Richard Flanagan gives away $40k prize money

Writing is often a penniless business, but two winners of the Prime Minister’s Literary Awards have given away their prize money to ensure Australia’s vulnerable are better treated.

This year’s Booker Prize winner, Richard Flanagan, was also a co-winner of the Fiction Award last night for The Narrow Road to the Deep North, and gave his $40,000 prize money to the Indigenous Literacy Foundation.

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Prime Minister Tony Abbott also used Australia’s richest literature awards night to announce the creation of a Book Council, thanking the literary community for its contribution to Australian culture.

“The point of writing is to draw people closer to being their best selves,” Mr Abbott said.

Flanagan said the usually penurious profession had been kind to him this year and he had decided to give away his $40,000 prize money.

When Flanagan took out the Booker Prize in October for his story about a POW working on the Thai-Burma railway, he told international media he was embarrassed to be Australian because of Mr Abbott’s poor environmental credentials.

This time, as that same PM passed him his award, he said it would all be going to the Indigenous Literacy Foundation.

“The lesson that my father took from the POW camps was that the measure of any civilised society was its willingness to look after its weakest. Money is like shit, my father used to say. Pile it up and it stinks. Spread it around and you can grow things,” he said.


Flanagan with his book, The Narrow Road to the Deep North. Photo: Getty

Flanagan said words were the first beautiful things his father knew, and he wanted to help close the Indigenous literacy gap.

“If just one of those children in turn becomes a writer, if just one brings to Australia and to the world an idea of the universe that arises out of that glorious lineage of 60,000 years of Australian civilisation, then I will think this prize has rewarded not just me, but us all,” he said.

Bob Graham, who won the Children’s Fiction Award for Silver Buttons, a tale of a boy taking his first step, said he was giving some of his prize money to asylum seekers.

“I like to think that after the book is closed that he will grow into a man who will have empathy and understanding and compassion for what he sees out there,” he said of his character.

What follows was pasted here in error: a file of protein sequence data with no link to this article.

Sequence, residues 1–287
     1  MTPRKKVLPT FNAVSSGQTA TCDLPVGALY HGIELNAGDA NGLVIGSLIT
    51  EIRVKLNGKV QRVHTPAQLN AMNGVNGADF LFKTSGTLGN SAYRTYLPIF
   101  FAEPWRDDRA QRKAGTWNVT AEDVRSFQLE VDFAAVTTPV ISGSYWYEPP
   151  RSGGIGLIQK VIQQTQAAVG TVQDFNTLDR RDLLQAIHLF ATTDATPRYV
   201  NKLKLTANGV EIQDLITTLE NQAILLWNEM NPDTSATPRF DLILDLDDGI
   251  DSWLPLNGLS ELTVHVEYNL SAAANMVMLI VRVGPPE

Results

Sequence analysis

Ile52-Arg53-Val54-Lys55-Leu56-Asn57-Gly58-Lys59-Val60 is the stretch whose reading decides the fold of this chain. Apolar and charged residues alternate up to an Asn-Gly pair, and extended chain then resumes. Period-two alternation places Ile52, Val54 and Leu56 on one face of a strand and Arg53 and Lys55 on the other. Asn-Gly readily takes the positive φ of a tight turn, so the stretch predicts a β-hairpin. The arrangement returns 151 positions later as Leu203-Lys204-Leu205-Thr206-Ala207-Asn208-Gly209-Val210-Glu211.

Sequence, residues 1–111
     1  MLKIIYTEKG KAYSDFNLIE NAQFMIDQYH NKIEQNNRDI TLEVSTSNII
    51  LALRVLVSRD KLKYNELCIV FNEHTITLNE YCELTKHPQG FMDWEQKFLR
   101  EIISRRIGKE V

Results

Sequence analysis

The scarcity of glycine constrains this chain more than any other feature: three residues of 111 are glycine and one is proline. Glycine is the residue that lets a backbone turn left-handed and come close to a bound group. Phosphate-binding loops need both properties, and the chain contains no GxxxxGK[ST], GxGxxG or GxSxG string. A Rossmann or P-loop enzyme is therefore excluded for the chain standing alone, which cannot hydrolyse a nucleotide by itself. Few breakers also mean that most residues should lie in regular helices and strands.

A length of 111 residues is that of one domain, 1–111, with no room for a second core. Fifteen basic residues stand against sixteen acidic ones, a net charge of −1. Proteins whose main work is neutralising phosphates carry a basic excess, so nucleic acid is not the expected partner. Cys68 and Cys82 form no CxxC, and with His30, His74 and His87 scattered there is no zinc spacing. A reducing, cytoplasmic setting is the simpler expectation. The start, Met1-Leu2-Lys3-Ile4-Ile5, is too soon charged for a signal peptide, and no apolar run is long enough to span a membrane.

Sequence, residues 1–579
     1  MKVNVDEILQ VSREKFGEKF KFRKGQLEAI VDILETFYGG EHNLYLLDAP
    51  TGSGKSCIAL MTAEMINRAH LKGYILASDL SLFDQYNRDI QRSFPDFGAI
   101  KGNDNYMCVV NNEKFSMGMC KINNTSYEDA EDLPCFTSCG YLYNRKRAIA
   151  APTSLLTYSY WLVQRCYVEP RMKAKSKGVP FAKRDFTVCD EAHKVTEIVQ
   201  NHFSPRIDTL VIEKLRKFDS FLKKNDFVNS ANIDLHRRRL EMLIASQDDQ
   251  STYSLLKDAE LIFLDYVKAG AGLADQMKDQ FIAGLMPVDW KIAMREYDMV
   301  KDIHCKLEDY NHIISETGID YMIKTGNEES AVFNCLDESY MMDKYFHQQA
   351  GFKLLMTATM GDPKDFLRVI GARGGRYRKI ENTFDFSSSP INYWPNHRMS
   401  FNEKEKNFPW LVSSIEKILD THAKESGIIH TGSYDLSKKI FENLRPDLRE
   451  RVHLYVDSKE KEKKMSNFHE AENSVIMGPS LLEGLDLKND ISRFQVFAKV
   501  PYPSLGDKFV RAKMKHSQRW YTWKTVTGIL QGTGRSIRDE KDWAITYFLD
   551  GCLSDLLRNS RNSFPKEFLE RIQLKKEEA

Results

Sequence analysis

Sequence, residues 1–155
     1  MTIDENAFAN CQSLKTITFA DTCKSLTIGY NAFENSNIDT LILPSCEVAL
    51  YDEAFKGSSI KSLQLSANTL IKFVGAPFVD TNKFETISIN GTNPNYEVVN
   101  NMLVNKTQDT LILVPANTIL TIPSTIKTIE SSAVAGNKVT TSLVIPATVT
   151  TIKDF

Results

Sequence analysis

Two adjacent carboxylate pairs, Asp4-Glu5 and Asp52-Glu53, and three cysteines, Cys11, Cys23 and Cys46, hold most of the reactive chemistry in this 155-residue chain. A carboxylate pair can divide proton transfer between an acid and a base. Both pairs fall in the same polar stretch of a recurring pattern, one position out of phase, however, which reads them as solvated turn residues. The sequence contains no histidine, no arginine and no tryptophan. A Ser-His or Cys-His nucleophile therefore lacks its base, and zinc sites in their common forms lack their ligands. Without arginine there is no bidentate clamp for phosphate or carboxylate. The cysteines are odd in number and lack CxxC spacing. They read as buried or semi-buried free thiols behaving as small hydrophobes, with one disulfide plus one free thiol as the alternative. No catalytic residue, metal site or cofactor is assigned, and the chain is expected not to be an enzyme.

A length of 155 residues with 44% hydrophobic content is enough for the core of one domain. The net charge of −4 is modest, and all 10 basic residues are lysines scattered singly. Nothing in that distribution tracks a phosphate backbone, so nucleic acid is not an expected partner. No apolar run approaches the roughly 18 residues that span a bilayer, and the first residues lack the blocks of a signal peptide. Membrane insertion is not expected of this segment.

“And it’s in this spirit that I would like to donate $10,000 to the asylum seeker resource centre here in Melbourne.”

Mr Abbott used the night to announce the creation of the Book Council of Australia, conceding the arts were too often viewed as the province of the left.

“Every government should want to encourage all of the voices in Australian life but these voices can only be heard if they’re listened to,” he said.

Steven Carroll, co-winner of the Fiction Award for his book A World of Other People, said literary awards were crucial for the industry.

“It’s probably indicative of the thriving state of Australian literature at the moment, there’s a definite sense of something happening, and it’s quite a thrill to be part of that something,” Mr Carroll said.

“I tend to think actually that the prophets of doom in terms of the book might start to sound like the prophets of doom with the novel. There was a lot of discussion in the 1950s that the novel was dead. Well, it doesn’t seem to be dead at the moment – it’s still kicking on.”

Flanagan’s The Narrow Road to the Deep North also won the fiction category at the Queensland Literary Awards on Monday night.

Awards chairman Stuart Glover said it was “a novel of abundant range and depth that will undoubtedly become regarded as one of the great works of Australian literature”.


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